I don’t imagine that my PRs will shoot up, but I wonder, if I keep practicing and improving this new movement, what implications would that have on my training, my posture, my movement? In the same way that we learn to progress on our Olympic lifts, surely any improvement (even in such a small movement) would indicate that I have developed some sort of muscular control or strength, or joint range of motion (even if ever so slight)? Does it matter what the caliber of the movement is that I’m learning from? I mean, are bigger movements, like the snatch, more important or beneficial to me than a smaller movement, like learning to take my arms overhead with the weaker arm leading? Or is it only important that I’m practicing something different, and that my body is learning something new?

Because I have a feeling it’s a bit of everything, I’m going to keep my mind wide open to all movements and exercises, big and small, and regardless of where they occur (movement is movement, right?) Although I would love to be proficient at everything, left and right, I see my imbalances as opportunities to improve, and have really enjoyed the challenge of working to do so (it is so satisfying when you notice changes!)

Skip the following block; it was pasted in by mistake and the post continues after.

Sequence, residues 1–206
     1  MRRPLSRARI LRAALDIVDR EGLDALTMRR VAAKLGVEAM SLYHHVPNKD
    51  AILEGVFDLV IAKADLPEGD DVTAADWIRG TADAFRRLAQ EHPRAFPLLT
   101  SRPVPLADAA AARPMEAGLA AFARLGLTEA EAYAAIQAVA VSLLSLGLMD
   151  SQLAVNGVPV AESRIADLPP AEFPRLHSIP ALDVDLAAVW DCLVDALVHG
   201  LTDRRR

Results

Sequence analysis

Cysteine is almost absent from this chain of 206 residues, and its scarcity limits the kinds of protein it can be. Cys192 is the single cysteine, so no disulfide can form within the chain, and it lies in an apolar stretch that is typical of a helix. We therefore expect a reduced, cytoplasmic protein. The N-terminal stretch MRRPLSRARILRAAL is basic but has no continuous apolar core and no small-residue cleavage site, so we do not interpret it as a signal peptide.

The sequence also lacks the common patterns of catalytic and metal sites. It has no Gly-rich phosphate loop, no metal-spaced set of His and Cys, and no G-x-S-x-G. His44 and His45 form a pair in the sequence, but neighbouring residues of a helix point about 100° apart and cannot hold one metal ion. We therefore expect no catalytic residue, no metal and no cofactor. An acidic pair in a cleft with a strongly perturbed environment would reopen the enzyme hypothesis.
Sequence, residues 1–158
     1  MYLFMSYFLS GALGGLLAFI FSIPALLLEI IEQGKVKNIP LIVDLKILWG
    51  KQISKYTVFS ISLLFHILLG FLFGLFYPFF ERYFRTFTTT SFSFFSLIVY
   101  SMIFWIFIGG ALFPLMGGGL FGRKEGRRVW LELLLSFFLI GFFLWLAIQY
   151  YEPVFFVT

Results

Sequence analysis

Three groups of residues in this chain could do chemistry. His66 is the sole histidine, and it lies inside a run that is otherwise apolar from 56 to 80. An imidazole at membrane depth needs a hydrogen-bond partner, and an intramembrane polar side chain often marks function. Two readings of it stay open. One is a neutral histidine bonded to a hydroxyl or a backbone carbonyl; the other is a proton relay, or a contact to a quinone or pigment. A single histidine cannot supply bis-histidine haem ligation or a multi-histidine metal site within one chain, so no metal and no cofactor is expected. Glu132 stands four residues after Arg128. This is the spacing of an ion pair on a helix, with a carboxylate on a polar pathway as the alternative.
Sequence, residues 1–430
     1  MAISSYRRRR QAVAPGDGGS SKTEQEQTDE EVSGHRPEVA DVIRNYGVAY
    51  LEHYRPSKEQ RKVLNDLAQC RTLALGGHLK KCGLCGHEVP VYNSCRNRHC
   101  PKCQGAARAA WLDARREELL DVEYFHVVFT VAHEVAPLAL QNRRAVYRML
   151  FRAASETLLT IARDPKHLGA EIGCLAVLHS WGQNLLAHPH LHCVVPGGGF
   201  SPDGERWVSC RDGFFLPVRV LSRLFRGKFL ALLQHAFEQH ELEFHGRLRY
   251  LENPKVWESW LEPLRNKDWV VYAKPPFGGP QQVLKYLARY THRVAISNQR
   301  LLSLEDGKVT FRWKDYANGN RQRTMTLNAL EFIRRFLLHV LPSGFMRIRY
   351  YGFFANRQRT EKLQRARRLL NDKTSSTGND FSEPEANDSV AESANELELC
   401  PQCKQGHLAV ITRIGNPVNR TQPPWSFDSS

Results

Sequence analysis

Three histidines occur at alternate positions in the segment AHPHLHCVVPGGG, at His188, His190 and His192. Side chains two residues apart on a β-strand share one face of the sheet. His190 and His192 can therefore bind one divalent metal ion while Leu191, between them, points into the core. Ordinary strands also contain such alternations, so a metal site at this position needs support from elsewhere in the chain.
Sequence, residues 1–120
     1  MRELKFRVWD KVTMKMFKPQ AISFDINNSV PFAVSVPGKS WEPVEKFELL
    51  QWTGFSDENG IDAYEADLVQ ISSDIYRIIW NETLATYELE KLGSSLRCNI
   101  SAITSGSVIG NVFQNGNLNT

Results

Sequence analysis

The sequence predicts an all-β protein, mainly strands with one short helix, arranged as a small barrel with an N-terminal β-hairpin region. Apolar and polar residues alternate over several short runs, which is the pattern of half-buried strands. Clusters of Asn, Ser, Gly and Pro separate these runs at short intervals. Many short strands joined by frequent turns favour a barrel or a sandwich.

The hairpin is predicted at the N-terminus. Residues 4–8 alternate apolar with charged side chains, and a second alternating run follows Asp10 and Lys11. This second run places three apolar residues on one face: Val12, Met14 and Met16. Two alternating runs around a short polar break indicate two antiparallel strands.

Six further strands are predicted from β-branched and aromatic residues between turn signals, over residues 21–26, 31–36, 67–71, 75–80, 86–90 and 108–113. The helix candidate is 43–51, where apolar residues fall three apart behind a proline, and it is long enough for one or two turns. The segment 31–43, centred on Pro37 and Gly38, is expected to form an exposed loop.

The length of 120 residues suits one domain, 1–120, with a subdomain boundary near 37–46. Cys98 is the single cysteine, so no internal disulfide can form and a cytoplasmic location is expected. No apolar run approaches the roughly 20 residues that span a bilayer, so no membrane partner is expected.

For me? Hell yes. For you? Maybe, maybe not – that’s for you to decide, but I do encourage that you give it a go. Whether you aspire to function better as an athlete or as a regular ol’ human being going about your day trying to prolong physical health and quality of life, dial in to your movement and habits to get a better understanding of your body. And when you find something? Cool! Shake things up, break routine, switch sides and be bad at something for a while, google for exercises, ask a coach, learn new stuff and get totally frustrated at yourself! Be a work in progress. It’s awesome, you’ll love it. And, if you need help formulating a master plan you know what to do. (But just in case you don’t…give us a yell, silly!)


Do you trust me?

Do you trust me?
The plan for the 2019/20 season.

 As we approach what will likely be the end of the CrossFit competition season for most of us. It’s time to reflect on your previous years training and see how much progress you’ve made, set some new goals, come up with a plan and re-commit.

My reasons for asking this are not ego driven or because I fear you’re doubting the program. Not because I’m going to come up with some mad shit that doesn’t make any sense.
I just want to make sure you understand my intent with the direction of the program for the next year.